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Rubber Manufacturers Association Files comments with U.S. EPA Regarding Accuracy of EPA Website Information

Suggestions are Given Concerning Recommendations for Change

Washington, DC— A new federal government database contains inaccurate, sometimes outdated information on industrial facilities and needs to be cleaned up, according to the Rubber Manufacturers Association in comments recently filed with the U.S. Environmental Protection Agency (EPA).

The online database, known as the Enforcement & Compliance History Online (ECHO) contains information on EPA, state and local government environmental compliance inspections. The public can access the database on the EPA website to find information about manufacturing facilities' environmental law violations and any enforcement actions and penalties assessed.

Although this database is intended to provide the public with accurate information on company environmental compliance, the information is often misleading.

"EPA should be providing the public with accurate, complete and meaningful data," said Tracey Norberg, RMA vice president, environment and resource recovery. "Unfortunately, ECHO has data quality problems and the information provided often lacks the proper context, which causes the database to provide misleading information."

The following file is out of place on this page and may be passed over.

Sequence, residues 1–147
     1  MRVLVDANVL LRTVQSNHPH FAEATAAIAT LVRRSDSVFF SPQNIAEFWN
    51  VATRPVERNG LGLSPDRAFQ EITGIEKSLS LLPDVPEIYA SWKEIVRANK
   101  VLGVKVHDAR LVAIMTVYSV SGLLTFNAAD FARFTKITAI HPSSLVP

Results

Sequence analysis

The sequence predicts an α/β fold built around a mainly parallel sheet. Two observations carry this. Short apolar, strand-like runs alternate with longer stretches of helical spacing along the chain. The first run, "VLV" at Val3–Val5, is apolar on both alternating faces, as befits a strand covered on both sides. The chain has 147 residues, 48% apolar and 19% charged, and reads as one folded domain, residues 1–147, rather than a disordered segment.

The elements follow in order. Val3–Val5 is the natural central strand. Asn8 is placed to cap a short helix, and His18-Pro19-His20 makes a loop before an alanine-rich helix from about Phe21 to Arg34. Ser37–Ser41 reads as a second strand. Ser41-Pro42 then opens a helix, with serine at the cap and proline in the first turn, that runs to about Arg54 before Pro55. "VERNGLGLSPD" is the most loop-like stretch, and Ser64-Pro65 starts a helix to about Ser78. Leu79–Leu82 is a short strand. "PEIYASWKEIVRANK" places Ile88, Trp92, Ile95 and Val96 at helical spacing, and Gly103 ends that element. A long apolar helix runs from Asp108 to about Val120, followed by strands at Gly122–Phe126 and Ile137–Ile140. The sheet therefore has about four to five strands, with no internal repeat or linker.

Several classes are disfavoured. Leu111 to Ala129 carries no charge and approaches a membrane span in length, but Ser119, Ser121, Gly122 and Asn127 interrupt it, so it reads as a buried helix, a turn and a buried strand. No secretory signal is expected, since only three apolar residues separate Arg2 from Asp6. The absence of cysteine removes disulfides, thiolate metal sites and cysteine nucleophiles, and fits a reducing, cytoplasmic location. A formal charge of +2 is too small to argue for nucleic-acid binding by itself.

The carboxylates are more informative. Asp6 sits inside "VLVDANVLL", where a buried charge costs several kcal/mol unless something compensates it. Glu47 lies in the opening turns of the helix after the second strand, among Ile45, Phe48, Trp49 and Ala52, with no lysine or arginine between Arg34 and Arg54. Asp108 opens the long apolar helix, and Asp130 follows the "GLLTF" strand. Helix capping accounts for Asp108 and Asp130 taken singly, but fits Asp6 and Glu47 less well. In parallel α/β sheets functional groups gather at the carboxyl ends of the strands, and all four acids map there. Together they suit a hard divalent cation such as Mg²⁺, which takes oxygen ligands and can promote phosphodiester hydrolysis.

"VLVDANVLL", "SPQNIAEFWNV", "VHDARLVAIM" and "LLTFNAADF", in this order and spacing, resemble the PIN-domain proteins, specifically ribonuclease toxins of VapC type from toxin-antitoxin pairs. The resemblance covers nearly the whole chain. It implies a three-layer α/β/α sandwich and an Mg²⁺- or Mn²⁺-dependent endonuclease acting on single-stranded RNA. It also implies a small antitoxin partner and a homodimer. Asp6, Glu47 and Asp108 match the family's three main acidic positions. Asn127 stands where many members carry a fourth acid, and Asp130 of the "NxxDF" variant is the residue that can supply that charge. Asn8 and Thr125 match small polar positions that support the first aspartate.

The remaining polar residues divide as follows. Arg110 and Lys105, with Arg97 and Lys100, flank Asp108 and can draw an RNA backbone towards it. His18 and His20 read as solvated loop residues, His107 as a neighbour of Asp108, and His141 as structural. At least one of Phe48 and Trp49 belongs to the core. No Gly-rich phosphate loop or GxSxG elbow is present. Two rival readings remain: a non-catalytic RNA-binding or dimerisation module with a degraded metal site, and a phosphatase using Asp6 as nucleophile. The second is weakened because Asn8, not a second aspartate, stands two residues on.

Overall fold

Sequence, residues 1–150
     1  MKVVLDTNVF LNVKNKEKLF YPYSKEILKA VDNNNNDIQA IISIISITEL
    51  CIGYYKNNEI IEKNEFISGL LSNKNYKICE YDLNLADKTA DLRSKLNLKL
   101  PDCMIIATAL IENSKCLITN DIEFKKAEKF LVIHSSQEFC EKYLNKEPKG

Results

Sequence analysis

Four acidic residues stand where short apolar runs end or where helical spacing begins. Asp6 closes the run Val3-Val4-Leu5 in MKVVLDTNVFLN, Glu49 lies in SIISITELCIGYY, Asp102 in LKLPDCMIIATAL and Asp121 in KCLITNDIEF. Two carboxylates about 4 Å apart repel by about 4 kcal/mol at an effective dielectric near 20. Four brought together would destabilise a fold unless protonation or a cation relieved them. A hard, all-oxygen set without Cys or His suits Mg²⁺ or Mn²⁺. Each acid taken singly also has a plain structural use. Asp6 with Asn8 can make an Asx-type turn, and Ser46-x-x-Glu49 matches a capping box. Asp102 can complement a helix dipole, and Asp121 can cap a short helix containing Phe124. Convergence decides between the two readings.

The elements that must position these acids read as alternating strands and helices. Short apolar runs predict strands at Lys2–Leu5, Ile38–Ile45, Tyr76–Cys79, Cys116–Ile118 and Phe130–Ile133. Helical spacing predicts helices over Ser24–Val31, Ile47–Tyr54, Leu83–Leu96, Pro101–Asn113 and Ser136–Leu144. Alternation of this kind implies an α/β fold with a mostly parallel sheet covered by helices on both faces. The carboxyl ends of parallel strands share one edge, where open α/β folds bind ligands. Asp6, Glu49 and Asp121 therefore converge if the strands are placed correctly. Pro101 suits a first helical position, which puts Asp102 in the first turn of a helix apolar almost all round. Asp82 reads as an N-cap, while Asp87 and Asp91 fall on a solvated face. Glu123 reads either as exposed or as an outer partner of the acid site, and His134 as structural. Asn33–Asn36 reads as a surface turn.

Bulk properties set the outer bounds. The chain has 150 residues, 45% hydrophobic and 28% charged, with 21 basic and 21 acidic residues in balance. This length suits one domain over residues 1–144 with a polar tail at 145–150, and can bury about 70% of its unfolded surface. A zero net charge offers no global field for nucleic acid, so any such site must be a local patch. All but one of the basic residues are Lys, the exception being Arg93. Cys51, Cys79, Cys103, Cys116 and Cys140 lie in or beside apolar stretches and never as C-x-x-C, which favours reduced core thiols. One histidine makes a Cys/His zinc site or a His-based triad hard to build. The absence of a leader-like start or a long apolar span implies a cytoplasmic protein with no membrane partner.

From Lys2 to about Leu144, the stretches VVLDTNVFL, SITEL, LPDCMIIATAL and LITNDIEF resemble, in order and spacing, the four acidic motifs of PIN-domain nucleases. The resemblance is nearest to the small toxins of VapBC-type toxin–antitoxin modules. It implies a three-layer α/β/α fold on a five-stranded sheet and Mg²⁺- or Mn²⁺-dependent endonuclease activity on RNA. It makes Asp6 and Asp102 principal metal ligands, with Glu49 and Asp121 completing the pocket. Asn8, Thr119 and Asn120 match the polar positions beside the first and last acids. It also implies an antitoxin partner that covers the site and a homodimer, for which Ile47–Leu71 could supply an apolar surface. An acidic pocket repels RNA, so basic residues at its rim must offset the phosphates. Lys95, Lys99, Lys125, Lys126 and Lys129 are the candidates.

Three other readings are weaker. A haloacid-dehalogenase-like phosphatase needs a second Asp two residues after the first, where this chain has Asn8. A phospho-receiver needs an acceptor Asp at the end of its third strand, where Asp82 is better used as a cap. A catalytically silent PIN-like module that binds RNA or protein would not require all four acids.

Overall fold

ECHO contains demographic information coupled with incomplete and sometimes inaccurate compliance and enforcement information. The compilation of this information could easily be taken out of context, leading the public to inappropriate assumptions about potential environmental risks.

"Without accurate, complete and meaningful data, the public will be misled, rather than informed," Norberg said.

RMA also noted that ECHO lacks a timely review and correction system for the data and the online system for reporting database errors is cumbersome and not timely.

Additionally, RMA recommends that EPA establish a timeline for response and resolution of data error reports and a system for providing the public with information about the nature and status of error reports. In addition, RMA recommended that the agency should consider taking ECHO offline while existing errors are being corrected.

"The public is not well served by inaccurate information," Norberg said. "EPA needs to make significant improvements to the current ECHO database and create efficient quality control processes to ensure the accuracy of new information that is submitted."

 

 

 

 


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